God’s Plan of Salvation

In his desire that all men should be saved and come to the knowledge of the truth, God spoke in former times to our forefathers through the prophets, on many occasions and in different ways. Then, in the fullness of time he sent his Son, the Word made man, anointed by the Holy Spirit, to bring good news to the poor, to heal the broken-hearted as the physician of body and spirit and the mediator between God and men. In the unity of the person of the Word, his human nature was the instrument of our salvation. Thus in Christ there has come to be the perfect atonement that reconciles us with God, and we have been given the power to offer the fullness of divine worship.

This work of man’s redemption and God’s perfect glory was foreshadowed by God’s mighty deeds among the people of the Old Covenant. It was brought to fulfilment by Christ the Lord, especially through the paschal mystery of his blessed passion, resurrection from the dead and ascension in glory: by dying he destroyed our death, and by rising again he restored our life. From his side, as he lay asleep on the cross, was born that wonderful sacrament which is the Church in its entirety.

As Christ was sent by the Father, so in his turn he sent the apostles, filled with the Holy Spirit. They were sent to preach the Gospel to every creature, proclaiming that we had been set free from the power of Satan and from death by the death and resurrection of God’s Son, and brought into the kingdom of the Father. They were sent also to bring into effect this saving work that they proclaimed, by means of the sacrifice and sacraments that are the pivot of the whole life of the liturgy.

So, by baptism men are brought within the paschal mystery. Dead with Christ, buried with Christ, risen with Christ, they receive the Spirit that makes them God’s adopted children, crying out: Abba, Father; and so they become the true adorers that the Father seeks.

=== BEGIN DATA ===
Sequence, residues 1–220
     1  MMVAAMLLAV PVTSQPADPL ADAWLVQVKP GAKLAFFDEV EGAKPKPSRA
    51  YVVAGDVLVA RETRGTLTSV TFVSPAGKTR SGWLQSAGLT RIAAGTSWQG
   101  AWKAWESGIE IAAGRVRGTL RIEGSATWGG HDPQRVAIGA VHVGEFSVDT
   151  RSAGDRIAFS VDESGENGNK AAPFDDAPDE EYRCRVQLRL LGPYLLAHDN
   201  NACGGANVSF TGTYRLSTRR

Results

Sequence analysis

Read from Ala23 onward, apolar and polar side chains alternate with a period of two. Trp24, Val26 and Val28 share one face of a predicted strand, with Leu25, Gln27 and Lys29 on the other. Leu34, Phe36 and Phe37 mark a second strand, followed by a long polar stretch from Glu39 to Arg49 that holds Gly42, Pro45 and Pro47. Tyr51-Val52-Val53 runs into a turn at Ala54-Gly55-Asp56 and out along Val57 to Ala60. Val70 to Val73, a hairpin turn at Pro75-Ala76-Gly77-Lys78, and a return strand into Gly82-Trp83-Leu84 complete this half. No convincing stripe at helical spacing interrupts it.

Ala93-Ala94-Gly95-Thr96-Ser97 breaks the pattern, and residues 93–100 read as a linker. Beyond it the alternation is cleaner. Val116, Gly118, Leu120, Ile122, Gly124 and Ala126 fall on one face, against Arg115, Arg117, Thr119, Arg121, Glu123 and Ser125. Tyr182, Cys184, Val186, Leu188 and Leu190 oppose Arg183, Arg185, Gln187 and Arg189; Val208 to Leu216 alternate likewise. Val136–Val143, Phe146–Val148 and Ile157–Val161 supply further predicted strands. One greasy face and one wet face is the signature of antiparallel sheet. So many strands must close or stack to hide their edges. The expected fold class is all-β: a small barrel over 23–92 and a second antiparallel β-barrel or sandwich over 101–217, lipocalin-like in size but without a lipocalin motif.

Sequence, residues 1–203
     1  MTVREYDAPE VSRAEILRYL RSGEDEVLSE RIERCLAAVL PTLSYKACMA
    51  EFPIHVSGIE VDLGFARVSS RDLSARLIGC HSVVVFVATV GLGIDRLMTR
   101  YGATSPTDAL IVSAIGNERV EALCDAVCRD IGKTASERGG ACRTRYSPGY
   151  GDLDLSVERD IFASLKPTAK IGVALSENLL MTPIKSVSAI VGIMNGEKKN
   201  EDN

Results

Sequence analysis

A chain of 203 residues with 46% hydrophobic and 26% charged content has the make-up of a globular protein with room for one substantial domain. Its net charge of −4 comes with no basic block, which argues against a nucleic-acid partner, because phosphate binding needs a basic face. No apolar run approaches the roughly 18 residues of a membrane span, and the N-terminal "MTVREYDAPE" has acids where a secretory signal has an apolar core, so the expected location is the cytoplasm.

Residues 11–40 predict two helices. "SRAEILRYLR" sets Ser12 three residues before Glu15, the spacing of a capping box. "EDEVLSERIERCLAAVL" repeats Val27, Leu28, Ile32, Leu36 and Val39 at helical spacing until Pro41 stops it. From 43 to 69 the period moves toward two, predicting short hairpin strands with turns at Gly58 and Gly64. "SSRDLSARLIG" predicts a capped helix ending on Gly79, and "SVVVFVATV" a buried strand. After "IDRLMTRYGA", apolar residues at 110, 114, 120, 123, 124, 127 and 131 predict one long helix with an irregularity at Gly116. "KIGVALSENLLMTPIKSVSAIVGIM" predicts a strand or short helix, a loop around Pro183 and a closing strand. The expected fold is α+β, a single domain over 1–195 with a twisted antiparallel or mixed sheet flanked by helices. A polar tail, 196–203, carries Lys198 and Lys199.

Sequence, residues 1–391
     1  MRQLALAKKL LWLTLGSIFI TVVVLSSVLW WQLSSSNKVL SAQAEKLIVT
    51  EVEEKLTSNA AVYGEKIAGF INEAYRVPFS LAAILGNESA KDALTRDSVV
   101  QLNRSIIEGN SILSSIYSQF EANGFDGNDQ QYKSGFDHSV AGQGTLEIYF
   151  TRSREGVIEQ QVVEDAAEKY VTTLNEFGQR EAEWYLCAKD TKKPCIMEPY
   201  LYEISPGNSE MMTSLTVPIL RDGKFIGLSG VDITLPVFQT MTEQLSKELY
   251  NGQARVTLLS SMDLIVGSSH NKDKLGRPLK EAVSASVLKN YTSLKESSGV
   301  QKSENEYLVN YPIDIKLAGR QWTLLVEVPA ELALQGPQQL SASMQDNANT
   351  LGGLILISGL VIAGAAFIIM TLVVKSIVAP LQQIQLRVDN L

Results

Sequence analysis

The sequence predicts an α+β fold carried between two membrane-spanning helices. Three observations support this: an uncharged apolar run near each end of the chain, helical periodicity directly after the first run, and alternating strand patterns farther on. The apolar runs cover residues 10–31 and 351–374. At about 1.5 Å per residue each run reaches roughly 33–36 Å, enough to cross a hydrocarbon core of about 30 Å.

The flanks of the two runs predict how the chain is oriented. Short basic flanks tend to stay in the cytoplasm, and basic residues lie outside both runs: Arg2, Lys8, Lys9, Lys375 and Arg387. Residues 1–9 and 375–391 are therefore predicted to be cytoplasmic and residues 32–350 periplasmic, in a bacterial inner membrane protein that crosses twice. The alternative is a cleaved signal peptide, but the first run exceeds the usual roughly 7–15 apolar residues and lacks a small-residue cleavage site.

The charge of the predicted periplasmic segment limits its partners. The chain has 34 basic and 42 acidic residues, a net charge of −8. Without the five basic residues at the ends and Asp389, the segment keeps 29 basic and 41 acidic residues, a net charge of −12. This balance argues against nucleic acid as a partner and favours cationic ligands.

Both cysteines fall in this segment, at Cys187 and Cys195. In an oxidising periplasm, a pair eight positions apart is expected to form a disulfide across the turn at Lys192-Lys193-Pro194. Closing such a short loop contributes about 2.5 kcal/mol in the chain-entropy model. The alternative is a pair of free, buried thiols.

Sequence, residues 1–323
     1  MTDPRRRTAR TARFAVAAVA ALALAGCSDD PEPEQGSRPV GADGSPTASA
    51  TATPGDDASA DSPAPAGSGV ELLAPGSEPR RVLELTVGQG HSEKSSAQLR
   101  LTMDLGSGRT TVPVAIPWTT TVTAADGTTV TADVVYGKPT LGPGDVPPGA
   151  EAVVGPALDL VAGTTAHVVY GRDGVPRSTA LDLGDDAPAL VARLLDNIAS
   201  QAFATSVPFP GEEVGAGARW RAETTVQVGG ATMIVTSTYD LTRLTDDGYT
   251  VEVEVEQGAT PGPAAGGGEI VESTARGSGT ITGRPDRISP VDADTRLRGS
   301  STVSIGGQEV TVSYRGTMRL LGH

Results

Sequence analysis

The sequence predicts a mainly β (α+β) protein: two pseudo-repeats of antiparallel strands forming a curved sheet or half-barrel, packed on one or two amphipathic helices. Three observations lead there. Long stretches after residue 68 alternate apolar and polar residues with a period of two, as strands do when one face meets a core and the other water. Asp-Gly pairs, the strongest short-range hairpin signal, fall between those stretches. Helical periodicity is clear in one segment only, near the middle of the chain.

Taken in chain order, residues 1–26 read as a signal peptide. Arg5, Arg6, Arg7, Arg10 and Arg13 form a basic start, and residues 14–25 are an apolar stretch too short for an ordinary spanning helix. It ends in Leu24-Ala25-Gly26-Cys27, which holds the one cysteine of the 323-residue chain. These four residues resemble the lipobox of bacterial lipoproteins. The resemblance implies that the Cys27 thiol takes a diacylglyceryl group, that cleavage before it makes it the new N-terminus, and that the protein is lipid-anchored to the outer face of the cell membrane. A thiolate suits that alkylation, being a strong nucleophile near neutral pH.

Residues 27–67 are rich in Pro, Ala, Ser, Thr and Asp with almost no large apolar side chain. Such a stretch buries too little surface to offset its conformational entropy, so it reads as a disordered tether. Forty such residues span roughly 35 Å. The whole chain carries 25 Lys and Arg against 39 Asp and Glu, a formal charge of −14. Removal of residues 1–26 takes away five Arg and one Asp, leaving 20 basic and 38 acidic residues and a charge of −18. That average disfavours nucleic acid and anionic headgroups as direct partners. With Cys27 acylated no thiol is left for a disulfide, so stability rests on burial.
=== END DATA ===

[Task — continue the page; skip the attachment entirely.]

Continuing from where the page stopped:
In the same way, whenever they eat the supper of the Lord they proclaim his death until he comes. So, on the very day of Pentecost, on which the Church was manifested to the world, those who received the word of Peter were baptised. They remained steadfast in the teaching of the apostles and in the communion of the breaking of bread, praising God and enjoying the favour of all the people.

From that time onward the Church has never failed to come together to celebrate the paschal mystery, by reading what was written about him in every part of Scripture, by celebrating the Eucharist in which the victory and triumph of his death are shown forth, and also by giving thanks to God for the inexpressible gift he has given in Christ Jesus, to the praise of God’s glory.

This is used in the Office of Readings of the Roman Church for Saturday in the Second week of Easter. It is an excerpt from the Constitution (par. 5-6) on the Sacred Liturgy of the Second Vatican Council (1962-65).

 

Second Vatican Council

The Second Vatican Council was the 21st Ecumenical Council of the Catholic Church, announced by Pope John XXIII in January 1959. After several years of planning, the Council was formally convoked in September 1962. For the next three years, over 2,000 bishops and theological advisors met in Rome each September through December, returning home to care for their flocks while committee members continued to hammer away on drafts of the sixteen documents ultimately promulgated by the Council. Pope John XXIII died after the first session and was succeeded by Pope Paul VI who solemnly closed the council in December 1965.